I have been fortunate to find several oral histories that Mildred did over the last 20 years of her life. They have been delightful, as she was very much at ease during their sessions, and her natural sparkle comes through – her joy in life.

A bit about Mildred here – she was trained in fine arts, taught for a year or two, and then developed a career in rosemaling – the painted ornamentation of furniture and interiors – at Barker Brothers Furniture in Los Angeles. She opted to take a voyage to China, Japan and Singapore and upon her return, set up a rosemaling studio in Santa Barbara to be closer to her family. I have added photos of the rosemaled pieces that my mother and I have, so that you can see what this is, and see if, perhaps you have examples that you might have overlooked. One of the Cottage owners bought a rosemaled magazine basket, knowing it was Mildred’s work!! Look at the Rosemale section of the site for the photos!

I have been outlining and researching, about the cottages and about my aunties and working through my photos Once I have the original blue prints and Harriet’s sketches to illustrate the spirit of the cottages, I’ll begin matching photos and plans to see how to tell the story, if I can, on why these houses are magical. As I said in the earlier version of this introduction, my father, Joe Wales, preserved a lot of the family history before his death. He will be my co-author. My mother, Brenda Ruth Moody Wales, has gotten involved in the weaving together of the threads of all the aunties and the history of the period. A family affair, this has become!!

If you have thoughts, leads or if you own or live in a Moody Cottage, feel free to drop me an email, or a fax, or give me a call. I’d like to include as many cottages in the book as I can find and fit in.

Thank you for your interest in The Moody Cottages.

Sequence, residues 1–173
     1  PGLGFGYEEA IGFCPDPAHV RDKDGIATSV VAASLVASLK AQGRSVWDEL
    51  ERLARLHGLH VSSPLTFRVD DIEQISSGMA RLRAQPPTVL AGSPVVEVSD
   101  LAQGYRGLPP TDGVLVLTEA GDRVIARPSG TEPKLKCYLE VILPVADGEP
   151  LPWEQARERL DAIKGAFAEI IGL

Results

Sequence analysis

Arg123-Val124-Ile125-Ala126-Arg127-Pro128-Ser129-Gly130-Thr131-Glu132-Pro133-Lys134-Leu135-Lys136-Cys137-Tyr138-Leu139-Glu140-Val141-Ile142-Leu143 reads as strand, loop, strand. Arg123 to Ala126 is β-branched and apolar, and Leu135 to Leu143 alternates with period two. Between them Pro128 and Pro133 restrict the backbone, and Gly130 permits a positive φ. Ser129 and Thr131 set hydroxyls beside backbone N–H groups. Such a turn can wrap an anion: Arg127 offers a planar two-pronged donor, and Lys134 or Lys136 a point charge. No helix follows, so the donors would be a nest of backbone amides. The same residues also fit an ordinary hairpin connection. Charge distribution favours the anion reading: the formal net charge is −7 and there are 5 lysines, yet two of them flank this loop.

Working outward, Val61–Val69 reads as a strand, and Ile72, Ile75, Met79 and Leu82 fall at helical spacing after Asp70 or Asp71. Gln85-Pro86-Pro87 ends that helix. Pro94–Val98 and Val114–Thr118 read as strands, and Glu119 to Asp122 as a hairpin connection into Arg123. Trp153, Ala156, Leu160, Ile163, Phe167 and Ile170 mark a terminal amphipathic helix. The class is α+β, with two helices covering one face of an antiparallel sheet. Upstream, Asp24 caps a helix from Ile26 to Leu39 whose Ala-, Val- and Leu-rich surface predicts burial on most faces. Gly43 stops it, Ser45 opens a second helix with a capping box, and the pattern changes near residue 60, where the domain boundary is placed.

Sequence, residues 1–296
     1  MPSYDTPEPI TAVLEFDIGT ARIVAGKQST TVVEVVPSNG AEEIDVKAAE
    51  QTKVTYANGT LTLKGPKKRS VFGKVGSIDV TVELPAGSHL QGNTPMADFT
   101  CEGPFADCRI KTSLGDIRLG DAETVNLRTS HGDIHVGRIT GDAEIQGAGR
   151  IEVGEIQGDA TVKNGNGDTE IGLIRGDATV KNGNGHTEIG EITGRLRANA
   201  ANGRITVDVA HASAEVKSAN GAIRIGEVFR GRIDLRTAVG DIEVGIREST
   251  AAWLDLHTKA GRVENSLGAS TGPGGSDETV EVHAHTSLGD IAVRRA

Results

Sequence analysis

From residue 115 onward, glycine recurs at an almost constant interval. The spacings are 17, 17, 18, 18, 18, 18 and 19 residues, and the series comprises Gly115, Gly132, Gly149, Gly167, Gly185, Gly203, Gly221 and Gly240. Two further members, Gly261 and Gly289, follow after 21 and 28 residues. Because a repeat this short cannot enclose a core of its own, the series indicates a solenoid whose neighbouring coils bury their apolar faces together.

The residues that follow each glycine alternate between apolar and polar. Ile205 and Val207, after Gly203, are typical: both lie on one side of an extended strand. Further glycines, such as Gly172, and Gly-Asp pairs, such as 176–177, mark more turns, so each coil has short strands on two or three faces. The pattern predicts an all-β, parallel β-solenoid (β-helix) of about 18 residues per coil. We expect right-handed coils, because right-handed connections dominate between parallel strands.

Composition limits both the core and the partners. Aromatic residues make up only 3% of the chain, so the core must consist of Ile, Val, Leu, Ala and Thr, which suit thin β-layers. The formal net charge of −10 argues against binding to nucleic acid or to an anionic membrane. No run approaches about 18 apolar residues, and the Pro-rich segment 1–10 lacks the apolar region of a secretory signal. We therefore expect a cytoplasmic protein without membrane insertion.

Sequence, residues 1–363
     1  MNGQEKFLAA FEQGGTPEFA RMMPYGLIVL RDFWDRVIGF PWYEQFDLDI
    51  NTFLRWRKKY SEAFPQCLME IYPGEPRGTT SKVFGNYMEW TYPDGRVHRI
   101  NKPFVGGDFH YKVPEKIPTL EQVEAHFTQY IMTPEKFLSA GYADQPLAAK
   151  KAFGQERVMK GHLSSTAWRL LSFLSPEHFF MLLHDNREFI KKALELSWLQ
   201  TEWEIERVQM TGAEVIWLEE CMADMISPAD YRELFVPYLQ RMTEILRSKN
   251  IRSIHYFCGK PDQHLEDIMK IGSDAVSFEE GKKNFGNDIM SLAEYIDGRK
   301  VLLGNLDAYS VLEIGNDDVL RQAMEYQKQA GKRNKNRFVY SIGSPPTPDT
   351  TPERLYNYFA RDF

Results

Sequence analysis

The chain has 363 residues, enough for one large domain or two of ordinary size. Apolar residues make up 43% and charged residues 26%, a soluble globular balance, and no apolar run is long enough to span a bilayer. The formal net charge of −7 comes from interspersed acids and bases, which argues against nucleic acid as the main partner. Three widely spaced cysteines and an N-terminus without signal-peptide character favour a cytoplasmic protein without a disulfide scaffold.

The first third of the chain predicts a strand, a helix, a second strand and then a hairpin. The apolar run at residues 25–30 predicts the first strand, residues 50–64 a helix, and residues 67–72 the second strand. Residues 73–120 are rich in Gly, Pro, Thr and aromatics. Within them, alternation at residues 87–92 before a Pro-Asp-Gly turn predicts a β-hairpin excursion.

Marcia Gamble-Hadley

Phone: 206.234.5599
Fax: 206.374.2649

My Background

I was trained in architecture and planning. I have spent my professional career working on either historic preservation projects; Smithville, NJ and The Olympic Hotel, Seattle, Washington, or on housing policy and design. Pine Street Cottages, a rehabilitation of 10 cottages, Malden Court Condominiums – Seattle Four-square house forms that contained modern townhouses - and Ravenna Cottages and Carriagehouses. Now, as I begin the most significant project of my career, a neighborhood of historic-form cottages in a community that is on the National Register of Historic Places, I turn to evaluate my family’s contribution to the ‘cottage housing’ traditions, all those years ago. But I find that there isn’t a definitive work that contains the cottages, their interiors, their garden settings or any glimpse of the ladies I adored, who brought these little houses to life.

I have gotten a lot of encouragement from my colleagues in cottage design and policy and from all the people in Montecito and Santa Barbara who have heard about this project, and of course, my family. We are 5 great nephews and nieces, and we have 10 great-great nieces and nephews between us. My aunties had no children but brother Bert, my grandfather, had my mother Brenda, and my uncle, Bruce, who are both whole-heartedly behind this effort!!!

Marcia Gamble-Hadley